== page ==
So that's what I did. I bought some plug plants from the local garden centre (£1.50 for 6 plants, not bad), stuck them in a patch of earth that I'd rather half-heartedly dug over and watered them occasionally when I remembered. I did a bit of weeding last week, but only because we'd been away and the lawn had begun to encroach rather badly on my self-styled 'allotment' .
I would feel quite smug, if I didn't know how little I'd actually done in the way of work (let alone back-breaking labour and - eek! - actual digging). Roll on the crop of 'lazy' broad beans - I can hardly wait!
Monday, 2 June 2008
I keep fiddling with dishes along these lines, but none of them have yet reached stellar heights of other family favourites like Savoury Mince Crumble, Sausage Plait or Kedgeree.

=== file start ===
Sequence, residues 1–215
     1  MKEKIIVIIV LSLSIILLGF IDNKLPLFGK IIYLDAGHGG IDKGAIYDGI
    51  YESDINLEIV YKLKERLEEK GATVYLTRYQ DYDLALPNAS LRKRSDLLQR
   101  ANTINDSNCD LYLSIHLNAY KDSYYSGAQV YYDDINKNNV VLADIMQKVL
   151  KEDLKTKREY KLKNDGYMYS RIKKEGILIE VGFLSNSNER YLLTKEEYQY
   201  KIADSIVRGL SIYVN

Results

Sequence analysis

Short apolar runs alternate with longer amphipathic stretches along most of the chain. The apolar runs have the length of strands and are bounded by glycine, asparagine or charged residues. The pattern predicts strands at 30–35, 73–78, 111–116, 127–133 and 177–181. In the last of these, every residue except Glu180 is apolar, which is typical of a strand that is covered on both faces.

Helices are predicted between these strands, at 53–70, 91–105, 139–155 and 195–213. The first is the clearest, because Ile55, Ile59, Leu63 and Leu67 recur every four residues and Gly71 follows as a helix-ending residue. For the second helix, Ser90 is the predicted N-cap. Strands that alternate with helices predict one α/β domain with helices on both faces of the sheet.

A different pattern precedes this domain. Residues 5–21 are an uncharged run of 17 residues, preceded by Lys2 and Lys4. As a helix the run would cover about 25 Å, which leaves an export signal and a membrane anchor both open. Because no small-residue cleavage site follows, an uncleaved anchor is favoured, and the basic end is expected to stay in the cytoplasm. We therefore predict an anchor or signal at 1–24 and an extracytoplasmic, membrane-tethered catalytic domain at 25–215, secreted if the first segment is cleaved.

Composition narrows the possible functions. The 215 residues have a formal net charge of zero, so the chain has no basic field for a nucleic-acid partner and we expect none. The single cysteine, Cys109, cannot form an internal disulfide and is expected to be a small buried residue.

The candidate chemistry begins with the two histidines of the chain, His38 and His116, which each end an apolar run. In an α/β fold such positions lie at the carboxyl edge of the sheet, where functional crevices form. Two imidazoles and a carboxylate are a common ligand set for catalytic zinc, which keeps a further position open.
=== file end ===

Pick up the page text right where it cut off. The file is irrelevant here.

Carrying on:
I think we all get a few comfortable dishes that we return to again and again, the 'same old thing', but meals which everyone is always pleased to see. I like this; I certainly don't hark for the rigid ideal of "roast-on-Sunday. pie-on-Monday", with Friday being "pork chop night", but I do like to put a much-loved dinner on the table, rather like welcoming back an old friend. So many of these dishes have their own little stories attached, like the fact that Savoury Mince Crumble was the first dinner I ever cooked for my parents and brother (you know, the night when you're grown-up enough to be alllowed the run of the kitchen?), or that Sausage Plait was a school-dinner favourite of mine at age eight. So many memories, and so much of our personal and family histories seem to revolve around food and mealtimes.